Chapter 5 Geometry
Section 5.6 Trigonometric Functions: Sine, et cetera5.6.2 Trigonometry in Triangles
If one drives downhill on a road with a slope of five percent, then the height falls five metres for every 100 metres travelled horizontally. Here, the difference in height is considered in comparison to the horizontal line.
Accordingly, the slope is $100\%$ if the difference in height between two positions with a horizontal distance of $100\hspace{0.17em}\mathrm{m}$ is $100\hspace{0.17em}\mathrm{m}$. Geometrically, the connecting line segment between the two points is a diagonal of a square. Hence, the angle between the horizontal line and the diagonal, i.e. the road on which ones moves, has a degree measure of $45{}^{\circ}$.
In other words: An angle of $45{}^{\circ}$ corresponds to a slope of $\frac{100\hspace{0.17em}\mathrm{m}}{100\hspace{0.17em}\mathrm{m}}=1$, i.e. the ratio of the horizontal line segment to the vertical line segment is $1$. According to the intercept theorem, this ratio does not depend on the lengths of the individual segments. It only depends on the position of the two rays with respect to each other, i.e. the measure of the angle they enclose. If this assignment of a ratio of the line segments to an angle is also known for other angles, many constructive problems can be solved. For example, for a given angle the height can be determined.
Even the question for the ratio that corresponds to an angle of $30{}^{\circ}$ shows, however, that in general it is not that simple to determine the assignment of a ratio of line segments to an angle. Therefore, the timeconsumingly determined values that we considered initially were listed in mathematical tables such that they could be looked up later again easily. Now, these values are available practically everywhere, provided by calculators and computers. The most common assignments of an angle to a ratio of line segments are presented below. They are called circular functions or trigonometric functions. The branch of mathematics dealing with their properties is called trigonometry.
Trigonometric Functions in the Right Triangle 5.6.1
Here, the most common circular functions are described as assignments of ratios of the sides in a right triangle to an angle. The circular functions are also called the trigonometric functions. Here, $x$ denotes an angle in a right triangle that is not a right angle. The opposite (side) is the side opposite the angle $x$, and the other leg is called the adjacent (side).
 The ratio of the opposite side $a$ to the adjacent side $b$ to an angle is called the tangent function:
$\mathrm{tan}(x):=\frac{\text{opposite side}}{\text{adjacent side}}=\frac{a}{b}$
 The ratio of the adjacent side $b$ to the hypotenuse $c$ to an angle is called the cosine function:
$\mathrm{cos}(x):=\frac{\text{adjacent side}}{\text{hypotenuse}}=\frac{b}{c}$
 The ratio of the opposite side $a$ to the hypotenuse $c$ to an angle is called the sine function:
$\mathrm{sin}(x):=\frac{\text{opposite side}}{\text{hypotenuse}}=\frac{a}{c}$
The tangent function describes the assignment of the ratio of height to width to the angle of inclination, i.e. the slope. In Chapter 8 this is also relevant in the context to the geometrical interpretation of the derivative.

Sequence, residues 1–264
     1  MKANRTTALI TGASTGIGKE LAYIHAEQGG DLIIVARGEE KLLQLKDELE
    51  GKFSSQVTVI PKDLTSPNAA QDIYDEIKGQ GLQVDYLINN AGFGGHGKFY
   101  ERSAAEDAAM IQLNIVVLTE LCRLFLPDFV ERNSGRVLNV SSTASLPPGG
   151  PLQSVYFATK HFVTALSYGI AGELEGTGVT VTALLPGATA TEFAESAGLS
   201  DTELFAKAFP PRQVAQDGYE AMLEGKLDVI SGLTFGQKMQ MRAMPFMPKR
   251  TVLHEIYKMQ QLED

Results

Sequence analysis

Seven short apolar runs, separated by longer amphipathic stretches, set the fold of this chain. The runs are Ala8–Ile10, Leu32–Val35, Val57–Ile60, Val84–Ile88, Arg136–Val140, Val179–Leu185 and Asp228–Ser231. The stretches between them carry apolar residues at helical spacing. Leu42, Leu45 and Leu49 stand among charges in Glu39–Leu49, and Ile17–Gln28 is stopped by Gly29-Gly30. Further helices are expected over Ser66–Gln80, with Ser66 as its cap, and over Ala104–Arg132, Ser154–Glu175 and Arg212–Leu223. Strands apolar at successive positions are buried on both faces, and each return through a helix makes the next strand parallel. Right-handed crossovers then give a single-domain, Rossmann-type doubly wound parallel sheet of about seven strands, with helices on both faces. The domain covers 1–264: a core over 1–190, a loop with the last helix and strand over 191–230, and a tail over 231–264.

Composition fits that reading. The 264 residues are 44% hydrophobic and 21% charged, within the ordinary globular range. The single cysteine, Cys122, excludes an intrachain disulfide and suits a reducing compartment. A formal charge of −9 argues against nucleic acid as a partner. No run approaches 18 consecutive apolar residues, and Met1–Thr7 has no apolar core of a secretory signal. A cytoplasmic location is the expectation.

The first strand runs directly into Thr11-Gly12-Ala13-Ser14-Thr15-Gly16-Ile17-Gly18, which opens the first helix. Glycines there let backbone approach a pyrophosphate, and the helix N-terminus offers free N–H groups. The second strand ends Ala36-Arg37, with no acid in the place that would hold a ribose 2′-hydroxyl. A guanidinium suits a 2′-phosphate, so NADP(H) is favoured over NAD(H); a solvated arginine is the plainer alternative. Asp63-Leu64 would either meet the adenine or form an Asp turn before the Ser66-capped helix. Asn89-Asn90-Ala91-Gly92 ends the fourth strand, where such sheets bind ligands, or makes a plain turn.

According to the definition, the tangent function of the angle $\alpha $ is
Thus, it suffices to know the values of sine and cosine to be able to calculate the tangent function.
Example 5.6.2
Let a triangle with a right angle $\gamma =\frac{\pi}{2}=90{}^{\circ}$ be given. The side $c$ is of length $5\hspace{0.17em}\mathrm{cm}$, and the side $a$ is of length $2.5\hspace{0.17em}\mathrm{cm}$. Calculate the sine, cosine and tangent function of the angle $\alpha $.
The sine can be calculated immediately from the given values:
$\mathrm{sin}\left(\alpha \right)=\frac{a}{c}=\frac{2.5\hspace{0.17em}\mathrm{cm}}{5\hspace{0.17em}\mathrm{cm}}=0.5\hspace{0.5em}.$
To calculate the cosine the length of the side $b$ is required  it can be obtained by means of Pythagoras' theorem:
$b}^{2}={c}^{2}{a}^{2$
Hence,
$\mathrm{cos}\left(\alpha \right)=\frac{b}{c}=\frac{\sqrt{{c}^{2}{a}^{2}}}{c}=\frac{\sqrt{{\left(5\hspace{0.17em}\mathrm{cm}\right)}^{2}{\left(2.5\hspace{0.17em}\mathrm{cm}\right)}^{2}}}{5\hspace{0.17em}\mathrm{cm}}=0.866\hspace{0.5em}.$
Thus, the tangent of the angle $\alpha $ is
$\mathrm{tan}\left(\alpha \right)=\frac{\mathrm{sin}\left(\alpha \right)}{\mathrm{cos}\left(\alpha \right)}=\frac{0.5}{0.866}=0.5773\hspace{0.5em}.$
The sine can be calculated immediately from the given values:
To calculate the cosine the length of the side $b$ is required  it can be obtained by means of Pythagoras' theorem:
Hence,
Thus, the tangent of the angle $\alpha $ is
Exercise 5.6.3
Determine some approximate values of the trigonometric functions sine, cosine and tangent graphically. Let a right triangle with the hypotenuse $c=5$ be given. Use Thales' circle to draw right triangles for the angles
$\alpha \in \{10{}^{\circ};20{}^{\circ};30{}^{\circ};40{}^{\circ};45{}^{\circ};50{}^{\circ};60{}^{\circ};70{}^{\circ};80{}^{\circ}\}\hspace{0.5em}.$
Use a drawing scale of $1$ unit length $\hat{=}2\hspace{0.17em}\mathrm{cm}$, and fill in the measured values for the sides $a$ and $b$ in a table. From the measured values, calculate the sine, cosine, and tangent of each angle and decide for which functions also values for $\alpha =0{}^{\circ}$ and $\alpha =90{}^{\circ}$ exist. After that, plot the calculated values of sine and cosine against the angle $\alpha $.
Use a drawing scale of $1$ unit length $\hat{=}2\hspace{0.17em}\mathrm{cm}$, and fill in the measured values for the sides $a$ and $b$ in a table. From the measured values, calculate the sine, cosine, and tangent of each angle and decide for which functions also values for $\alpha =0{}^{\circ}$ and $\alpha =90{}^{\circ}$ exist. After that, plot the calculated values of sine and cosine against the angle $\alpha $.
If we once again look closer at the results obtained in the last exercise, we can find different ways to interpret them, and then identify some relations.
 With increasing angle $\alpha $ the opposite side $a$ increases and the adjacent side $b$ decreases.
Likewise, $\mathrm{sin}\left(\alpha \right)~a$ and $\mathrm{cos}\left(\alpha \right)~b$.